YCAnd allowing the awkwardness.

PLYes, allowing the awkwardness.

YCLoving Provincetown. And to really love it you had to embrace its flaws.

PLExactly. The loneliness of it in winter. The emptiness of Commercial Street on a January night. Papered-over store windows. The sun beginning its descent at 2:30 in the afternoon. Long shadows and golden light. That cold rolled up from the ocean. But it could also be a bustling little city when you’d least expect it. Busy-ness would come out of nowhere. You’d walk into the gym on a mid-December afternoon, and there’d be an actual line at the pull-up bar. And everyone would be laughing and no one would be able to account for any of it.

YCWas it a haven?

PLWell, it was a place that invited people to step out of their lives if they had the means to do so. By lives I mean corporate jobs, or anything resembling a nine-to-five. In plenty of instances people had nowhere else to go: family could have rejected them, they didn’t have rights when it came to work or housing, and it’s easy to forget that HIV was still a death sentence back then. Massachusetts had excellent health insurance, good social services. It was very welcoming, like no other place I’d lived in before or since. Anybody could be there for two weeks, and be the star of town: I think it was very attractive to the kind of person who hadn’t stood out before but was hungry for attention, belonging. Individuals mattered. They were seen, discussed. They made an impression.

Headshot of author Paul Lisicky wearing a dotted navy button up shirt

Photo of Paul Lisicky by Beowulf Sheehan.

YCWhat goes into choosing the right details for you?

PLDescription is rooted in the senses and the impression has to connect to my inner life if I’m going to connect to the reader. Description is in service of feeling—a feeling that might be hard to put a name to. Feeling is always multi-faceted, ambivalent, but my hope is that the exact description will drench a passage. It will give you the tools to participate in the experience. To bring your own stuff to bear on it.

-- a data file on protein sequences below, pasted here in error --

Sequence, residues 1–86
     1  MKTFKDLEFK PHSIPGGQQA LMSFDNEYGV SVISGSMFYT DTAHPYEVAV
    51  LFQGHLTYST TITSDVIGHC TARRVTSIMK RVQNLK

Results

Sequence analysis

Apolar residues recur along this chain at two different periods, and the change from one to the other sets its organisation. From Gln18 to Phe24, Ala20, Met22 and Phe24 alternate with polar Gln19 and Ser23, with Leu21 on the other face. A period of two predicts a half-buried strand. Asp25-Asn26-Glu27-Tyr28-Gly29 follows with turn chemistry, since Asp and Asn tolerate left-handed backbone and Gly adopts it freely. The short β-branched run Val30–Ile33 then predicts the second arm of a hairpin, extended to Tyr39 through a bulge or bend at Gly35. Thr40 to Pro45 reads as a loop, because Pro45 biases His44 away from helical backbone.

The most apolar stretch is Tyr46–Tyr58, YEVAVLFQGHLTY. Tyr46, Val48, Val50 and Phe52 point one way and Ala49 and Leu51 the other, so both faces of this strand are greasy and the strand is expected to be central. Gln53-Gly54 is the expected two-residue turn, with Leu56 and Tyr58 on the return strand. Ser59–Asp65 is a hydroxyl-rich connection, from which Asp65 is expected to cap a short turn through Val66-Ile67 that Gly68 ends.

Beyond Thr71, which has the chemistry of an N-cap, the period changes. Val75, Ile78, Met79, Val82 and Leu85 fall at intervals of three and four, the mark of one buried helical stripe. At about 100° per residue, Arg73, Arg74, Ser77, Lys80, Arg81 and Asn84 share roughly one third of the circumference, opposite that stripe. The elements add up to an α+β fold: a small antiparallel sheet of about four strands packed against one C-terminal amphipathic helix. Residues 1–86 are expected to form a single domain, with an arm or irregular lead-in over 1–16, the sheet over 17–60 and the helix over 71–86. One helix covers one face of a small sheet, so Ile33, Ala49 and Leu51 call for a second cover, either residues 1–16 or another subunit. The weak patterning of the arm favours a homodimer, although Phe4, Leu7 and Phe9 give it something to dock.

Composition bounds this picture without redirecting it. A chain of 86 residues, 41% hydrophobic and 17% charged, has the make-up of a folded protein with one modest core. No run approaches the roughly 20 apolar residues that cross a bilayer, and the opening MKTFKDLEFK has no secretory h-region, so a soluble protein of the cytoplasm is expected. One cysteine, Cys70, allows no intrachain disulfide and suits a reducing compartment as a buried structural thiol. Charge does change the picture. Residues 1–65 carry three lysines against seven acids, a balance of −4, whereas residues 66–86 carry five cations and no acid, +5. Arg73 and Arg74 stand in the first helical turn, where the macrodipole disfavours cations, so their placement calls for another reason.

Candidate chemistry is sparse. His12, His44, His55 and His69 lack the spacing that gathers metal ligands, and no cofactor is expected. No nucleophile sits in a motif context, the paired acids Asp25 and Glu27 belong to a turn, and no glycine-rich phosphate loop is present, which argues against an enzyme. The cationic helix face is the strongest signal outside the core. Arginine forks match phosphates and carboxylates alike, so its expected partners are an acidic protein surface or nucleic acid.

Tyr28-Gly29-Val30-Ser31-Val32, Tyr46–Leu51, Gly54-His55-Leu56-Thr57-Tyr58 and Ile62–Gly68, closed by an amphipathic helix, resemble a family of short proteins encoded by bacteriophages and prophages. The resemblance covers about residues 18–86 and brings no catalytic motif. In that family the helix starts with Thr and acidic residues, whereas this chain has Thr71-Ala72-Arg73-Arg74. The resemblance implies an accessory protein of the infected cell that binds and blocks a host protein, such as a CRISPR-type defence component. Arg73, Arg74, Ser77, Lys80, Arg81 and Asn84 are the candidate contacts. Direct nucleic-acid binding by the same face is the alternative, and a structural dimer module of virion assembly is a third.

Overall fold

I read all my writing aloud. You know that from having studied with me. That’s why I make people read their own work aloud before we start workshopping. Over the years, I’ve learned to be more attuned to the contours of my own speech patterns: how I stop and start a sentence, where I leave spaces between words. The sound of the language, the composition of its consonants and vowels, informs the descriptions I use. If the description sounds mannered if I read it aloud, it goes.

YCWhat went in to putting this book together?

PLAfter that first draft in 2015, I put the book aside for the better part of a year. Any new writing was done without referring to the draft I’d done. I was truly afraid to look at the original draft for fear it was, what—undercooked? Not expansive enough to honor the severity of those times? The book finally came together in 2017. Three different things converged: the aftermath of my father’s death, the presidential election, and the advent of PrEP. I think of it as a collision of hurt, distress, and hope, and I had no choice but to start writing out of that confusion. I needed a valve, a vessel.

At that point I’d just reread one of my favorite books, D.J. Waldie’s Holy Land. Holy Land is a portrait, in part, of the writer’s upbringing in Lakewood, California, a post-World War II suburb outside of Long Beach, California. It’s all in short sections, it’s kind of obsessive and very repetitive, super-stripped-down. It feels holy and devastating. And it’s about loving the place, loving the house of your childhood, but also feeling, as he says, “crucified to it.”

YCWhat went into the creative construction of a story tied to a specific place with its own narrative arc and physical presence?